MediaLAB Amsterdam conducts applied research on innovative interactive media applications together with partners from the creative industries and education. The research projects focus on urban screens, locative media, data visualization, interactive TV, gaming, the future of publishing and e-learning. At their core, the focus of all research projects is the innovative character of the digital applications.
Students work in multidisciplinary teams guided by experts from the industry and the Amsterdam University of Applied Sciences. These experts are a mix of designers, programmers, social/digital media experts, researchers, copywriters and storytellers. In twenty weeks (one semester) the team develops a working prototype for a client in collaboration them.
I’ve been project manager at the MediaLAB since February 2013.
Tamara and I tried out a different format to get the students to think about tinkering and prototyping. Both have in common that they celebrate early failure as a way to learn quickly and deeply about your ideas and prototypes. We asked the students to create paper prototypes – always a big hit and a huge surprise – and to tinker for an hour with a prototyping tool they were unfamiliar with and report back what they learned. I really enjoy facilitating these sessions and using whatever comes up in the room as an opportunity to learn something about the creative making process together. Awesome day, always too little time awwwww. We can’t get enough!
Last Friday I facilitated a small workshop in the basics of visual communication. The student teams worked on some small exercises to help make their communication within their team – and to the outside – better by making it more visual in simple ways. Armed with only paper and markers, the students practiced their drawing skills, their ability to translate concepts into quick drawings, and they learned some tricks to make better use of the canvas and guiding the viewers’ attention to what’s important. It was hot, and it was reallllly the end of the week but we laughed really hard. Some showed their natural ability to think visually, others made massive improvements just be learning a few small tricks. Awesome!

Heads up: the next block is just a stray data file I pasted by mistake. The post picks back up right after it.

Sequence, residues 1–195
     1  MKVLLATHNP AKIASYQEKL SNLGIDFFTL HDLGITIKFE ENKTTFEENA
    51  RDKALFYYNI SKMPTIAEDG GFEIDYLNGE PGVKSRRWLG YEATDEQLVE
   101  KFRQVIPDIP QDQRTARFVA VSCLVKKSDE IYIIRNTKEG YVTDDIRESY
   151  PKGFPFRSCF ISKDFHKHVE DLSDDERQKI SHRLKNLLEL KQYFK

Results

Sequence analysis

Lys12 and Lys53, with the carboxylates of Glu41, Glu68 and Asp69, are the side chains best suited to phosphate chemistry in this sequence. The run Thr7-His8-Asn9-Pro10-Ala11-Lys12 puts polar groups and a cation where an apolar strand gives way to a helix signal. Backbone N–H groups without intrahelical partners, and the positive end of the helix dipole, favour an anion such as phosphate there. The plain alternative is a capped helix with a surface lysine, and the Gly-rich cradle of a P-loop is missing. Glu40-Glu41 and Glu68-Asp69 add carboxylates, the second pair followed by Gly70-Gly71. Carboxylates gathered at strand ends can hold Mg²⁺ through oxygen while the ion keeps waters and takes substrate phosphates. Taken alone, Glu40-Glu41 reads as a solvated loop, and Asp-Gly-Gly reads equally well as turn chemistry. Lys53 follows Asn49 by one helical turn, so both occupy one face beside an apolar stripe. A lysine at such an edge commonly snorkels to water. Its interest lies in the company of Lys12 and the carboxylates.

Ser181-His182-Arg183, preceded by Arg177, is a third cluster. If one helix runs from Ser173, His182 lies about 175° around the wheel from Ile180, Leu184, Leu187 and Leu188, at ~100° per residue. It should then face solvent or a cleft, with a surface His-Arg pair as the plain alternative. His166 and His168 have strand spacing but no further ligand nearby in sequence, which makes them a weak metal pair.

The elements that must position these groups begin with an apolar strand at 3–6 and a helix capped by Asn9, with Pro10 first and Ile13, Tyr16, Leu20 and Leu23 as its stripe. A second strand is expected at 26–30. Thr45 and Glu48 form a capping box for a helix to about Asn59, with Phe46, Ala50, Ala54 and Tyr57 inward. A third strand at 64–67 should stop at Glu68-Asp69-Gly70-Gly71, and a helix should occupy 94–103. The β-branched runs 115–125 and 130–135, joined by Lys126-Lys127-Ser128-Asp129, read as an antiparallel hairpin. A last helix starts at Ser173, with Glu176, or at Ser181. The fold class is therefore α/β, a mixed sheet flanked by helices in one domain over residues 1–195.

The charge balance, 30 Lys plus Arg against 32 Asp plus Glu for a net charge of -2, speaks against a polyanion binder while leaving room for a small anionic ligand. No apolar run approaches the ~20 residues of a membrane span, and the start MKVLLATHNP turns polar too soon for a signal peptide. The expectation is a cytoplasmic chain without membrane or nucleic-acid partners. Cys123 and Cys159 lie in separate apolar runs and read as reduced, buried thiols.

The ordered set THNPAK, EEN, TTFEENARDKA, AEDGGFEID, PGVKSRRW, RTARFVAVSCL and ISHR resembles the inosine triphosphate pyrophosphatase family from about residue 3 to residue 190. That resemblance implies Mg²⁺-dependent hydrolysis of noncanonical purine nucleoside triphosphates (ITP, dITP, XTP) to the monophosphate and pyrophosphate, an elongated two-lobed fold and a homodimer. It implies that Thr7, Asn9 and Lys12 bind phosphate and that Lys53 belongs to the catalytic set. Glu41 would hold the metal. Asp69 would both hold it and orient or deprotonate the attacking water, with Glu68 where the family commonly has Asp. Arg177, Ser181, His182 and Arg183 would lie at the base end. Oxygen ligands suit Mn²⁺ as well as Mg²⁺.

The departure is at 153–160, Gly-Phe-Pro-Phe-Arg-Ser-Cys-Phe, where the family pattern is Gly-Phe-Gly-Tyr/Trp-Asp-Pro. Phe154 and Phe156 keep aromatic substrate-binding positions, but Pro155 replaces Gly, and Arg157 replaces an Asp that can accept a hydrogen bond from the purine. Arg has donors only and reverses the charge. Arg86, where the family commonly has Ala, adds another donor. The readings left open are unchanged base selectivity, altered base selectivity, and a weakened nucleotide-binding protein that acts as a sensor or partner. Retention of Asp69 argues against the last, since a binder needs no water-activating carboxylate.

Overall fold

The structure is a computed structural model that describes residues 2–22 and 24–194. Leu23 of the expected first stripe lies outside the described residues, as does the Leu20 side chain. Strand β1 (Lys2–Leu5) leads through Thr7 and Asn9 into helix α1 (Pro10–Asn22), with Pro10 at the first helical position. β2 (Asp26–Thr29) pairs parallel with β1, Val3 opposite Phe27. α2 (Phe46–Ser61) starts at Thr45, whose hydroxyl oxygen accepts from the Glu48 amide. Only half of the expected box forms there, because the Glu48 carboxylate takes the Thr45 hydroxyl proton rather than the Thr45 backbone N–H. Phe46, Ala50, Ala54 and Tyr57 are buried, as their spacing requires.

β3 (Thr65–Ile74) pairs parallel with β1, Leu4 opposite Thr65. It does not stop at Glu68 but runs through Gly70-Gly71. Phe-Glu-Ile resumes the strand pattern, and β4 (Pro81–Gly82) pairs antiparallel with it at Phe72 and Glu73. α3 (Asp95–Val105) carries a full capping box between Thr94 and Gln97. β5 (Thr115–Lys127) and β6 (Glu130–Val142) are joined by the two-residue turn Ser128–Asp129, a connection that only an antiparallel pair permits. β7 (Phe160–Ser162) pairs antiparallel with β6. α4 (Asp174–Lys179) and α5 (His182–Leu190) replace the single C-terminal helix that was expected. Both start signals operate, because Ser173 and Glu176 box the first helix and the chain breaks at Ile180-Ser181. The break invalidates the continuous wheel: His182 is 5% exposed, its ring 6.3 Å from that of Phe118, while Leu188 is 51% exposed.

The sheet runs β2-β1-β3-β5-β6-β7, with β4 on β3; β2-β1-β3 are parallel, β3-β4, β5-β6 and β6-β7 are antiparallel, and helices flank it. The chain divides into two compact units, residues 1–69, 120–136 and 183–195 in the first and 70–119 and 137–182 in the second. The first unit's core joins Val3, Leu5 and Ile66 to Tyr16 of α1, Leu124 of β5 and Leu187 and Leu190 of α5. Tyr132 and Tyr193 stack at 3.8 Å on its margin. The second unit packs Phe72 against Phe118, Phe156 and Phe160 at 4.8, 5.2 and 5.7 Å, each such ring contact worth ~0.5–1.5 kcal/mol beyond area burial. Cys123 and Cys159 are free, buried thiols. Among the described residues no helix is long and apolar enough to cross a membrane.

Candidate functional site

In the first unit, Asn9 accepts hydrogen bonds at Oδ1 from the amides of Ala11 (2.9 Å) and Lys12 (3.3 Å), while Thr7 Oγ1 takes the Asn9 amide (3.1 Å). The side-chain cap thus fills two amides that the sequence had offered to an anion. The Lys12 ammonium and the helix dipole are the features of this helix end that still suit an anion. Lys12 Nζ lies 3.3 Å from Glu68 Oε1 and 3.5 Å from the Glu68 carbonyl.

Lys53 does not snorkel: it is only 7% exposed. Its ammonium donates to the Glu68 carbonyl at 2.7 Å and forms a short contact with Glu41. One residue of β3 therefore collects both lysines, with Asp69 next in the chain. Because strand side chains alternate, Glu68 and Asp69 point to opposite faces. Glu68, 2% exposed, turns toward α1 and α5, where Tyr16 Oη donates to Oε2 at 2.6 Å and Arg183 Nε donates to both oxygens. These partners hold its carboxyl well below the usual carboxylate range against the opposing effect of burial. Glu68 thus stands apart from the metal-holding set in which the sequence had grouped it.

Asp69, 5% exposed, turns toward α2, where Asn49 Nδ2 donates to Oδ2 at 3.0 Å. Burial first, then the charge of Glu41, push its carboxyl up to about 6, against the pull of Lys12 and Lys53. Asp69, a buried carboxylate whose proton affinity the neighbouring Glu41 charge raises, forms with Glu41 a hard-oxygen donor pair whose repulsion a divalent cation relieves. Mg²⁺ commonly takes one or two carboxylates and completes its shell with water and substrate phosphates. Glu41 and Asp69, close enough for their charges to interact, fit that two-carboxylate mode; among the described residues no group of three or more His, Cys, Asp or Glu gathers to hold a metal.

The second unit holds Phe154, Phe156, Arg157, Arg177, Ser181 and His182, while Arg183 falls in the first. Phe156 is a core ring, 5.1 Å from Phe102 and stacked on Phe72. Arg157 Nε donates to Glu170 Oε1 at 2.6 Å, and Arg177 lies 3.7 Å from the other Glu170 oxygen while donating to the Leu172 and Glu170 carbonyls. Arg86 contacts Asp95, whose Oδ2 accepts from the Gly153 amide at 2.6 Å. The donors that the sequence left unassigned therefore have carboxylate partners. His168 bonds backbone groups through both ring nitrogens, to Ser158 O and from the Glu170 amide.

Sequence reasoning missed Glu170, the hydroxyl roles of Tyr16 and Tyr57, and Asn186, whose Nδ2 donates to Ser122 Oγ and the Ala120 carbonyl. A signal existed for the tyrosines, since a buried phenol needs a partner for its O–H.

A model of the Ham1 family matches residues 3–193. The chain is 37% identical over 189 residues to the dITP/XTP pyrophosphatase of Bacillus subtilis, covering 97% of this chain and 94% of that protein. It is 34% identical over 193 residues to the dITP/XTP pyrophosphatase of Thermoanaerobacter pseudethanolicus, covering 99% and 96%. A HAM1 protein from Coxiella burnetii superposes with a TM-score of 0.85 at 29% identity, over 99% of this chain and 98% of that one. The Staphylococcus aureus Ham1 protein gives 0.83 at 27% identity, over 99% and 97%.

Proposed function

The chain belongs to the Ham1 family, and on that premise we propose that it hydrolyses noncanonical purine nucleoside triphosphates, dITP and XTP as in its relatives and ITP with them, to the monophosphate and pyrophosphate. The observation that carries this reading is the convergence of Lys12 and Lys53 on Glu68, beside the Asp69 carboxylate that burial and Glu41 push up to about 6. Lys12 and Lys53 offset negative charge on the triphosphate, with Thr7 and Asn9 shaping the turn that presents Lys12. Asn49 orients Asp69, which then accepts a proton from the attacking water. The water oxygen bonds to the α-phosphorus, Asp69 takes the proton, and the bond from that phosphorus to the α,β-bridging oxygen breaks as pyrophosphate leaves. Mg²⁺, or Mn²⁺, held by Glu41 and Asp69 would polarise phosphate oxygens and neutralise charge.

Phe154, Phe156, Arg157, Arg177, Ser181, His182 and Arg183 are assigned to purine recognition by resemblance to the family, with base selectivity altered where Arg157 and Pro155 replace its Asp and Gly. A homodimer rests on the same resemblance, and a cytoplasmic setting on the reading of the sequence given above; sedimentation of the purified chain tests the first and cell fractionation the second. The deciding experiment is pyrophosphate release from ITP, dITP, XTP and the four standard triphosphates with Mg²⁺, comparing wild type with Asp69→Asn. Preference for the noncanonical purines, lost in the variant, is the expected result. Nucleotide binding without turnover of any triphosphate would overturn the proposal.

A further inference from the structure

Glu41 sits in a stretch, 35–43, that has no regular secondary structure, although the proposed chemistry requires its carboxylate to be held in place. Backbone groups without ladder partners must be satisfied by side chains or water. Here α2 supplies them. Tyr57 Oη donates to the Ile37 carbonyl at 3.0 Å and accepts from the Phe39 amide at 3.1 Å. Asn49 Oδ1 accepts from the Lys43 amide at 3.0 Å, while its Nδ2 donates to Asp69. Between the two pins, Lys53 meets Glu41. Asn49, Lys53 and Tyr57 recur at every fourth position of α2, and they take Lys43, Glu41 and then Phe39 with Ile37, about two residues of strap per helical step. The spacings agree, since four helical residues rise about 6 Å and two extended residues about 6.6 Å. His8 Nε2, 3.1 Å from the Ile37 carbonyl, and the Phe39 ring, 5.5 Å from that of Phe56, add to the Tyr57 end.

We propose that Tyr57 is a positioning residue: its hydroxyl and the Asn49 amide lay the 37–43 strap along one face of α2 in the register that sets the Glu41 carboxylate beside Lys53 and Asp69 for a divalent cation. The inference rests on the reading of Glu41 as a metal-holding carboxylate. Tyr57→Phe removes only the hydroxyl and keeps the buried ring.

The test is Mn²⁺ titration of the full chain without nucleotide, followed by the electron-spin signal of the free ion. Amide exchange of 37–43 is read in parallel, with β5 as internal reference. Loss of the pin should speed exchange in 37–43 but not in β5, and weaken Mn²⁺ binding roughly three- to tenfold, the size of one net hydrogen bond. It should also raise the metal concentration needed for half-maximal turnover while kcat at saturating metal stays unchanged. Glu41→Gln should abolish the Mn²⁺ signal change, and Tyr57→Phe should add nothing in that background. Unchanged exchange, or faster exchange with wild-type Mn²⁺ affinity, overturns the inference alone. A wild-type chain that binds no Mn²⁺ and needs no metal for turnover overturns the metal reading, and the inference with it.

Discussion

In the spring ’14 semester I coached the project Transmedia Analytics, a collaboration between interactive production company Submarine, University of Amsterdam, and MediaLAB Amsterdam.
This project goal was to capture a variety of data points from two interactive web based documentaries (The Last Hijack and Unspeak) and present these data in a way that allows the producers get an understanding of how audiences engage and interact with their creation, and enrich the user experience accordingly. This resulted in a custom designed analytics dashboard tool: Figures. The progress of the project was documented on the students’ project blog.
A short article of mine was published on VVVNT recently, dealing with the expressive and philosophical potential of performance practices combining dance improvisation and live coding.VVVNT is an online journal, forum, & project space for sharing ways of thinking with practical connections across time, scale, system, & discipline.
I made an excursion to another HvA location to give a workshop tinkering to students of the minor Intelligent Environments. These students, mostly from rather techy backgrounds like Software Engineering, Game Development etc are quite a different target group from the design & humanities students I’m normally used to at the MediaLAB.
For this workshop we took the better part of a whole day, and worked in multiple iterations to let students think about alternative interfaces, playful interactions and how you can work with objects as interface. To understand the important role the design of an interface plays in an any interaction. The students were asked to find an interesting – or boring – object and take it as a starting point to come up with a playful installation. To let the meanings, connotations and affordances the object embodies be leading in the kind of installation you will build. I found it very useful to have a number of show and tell rounds – with a gaming expert even! – to help the students improve their ideas and ways of executing them. Although the creative process was somewhat out of the comfort zone of some students, they all made tremendous efforts and progress in the course of the day.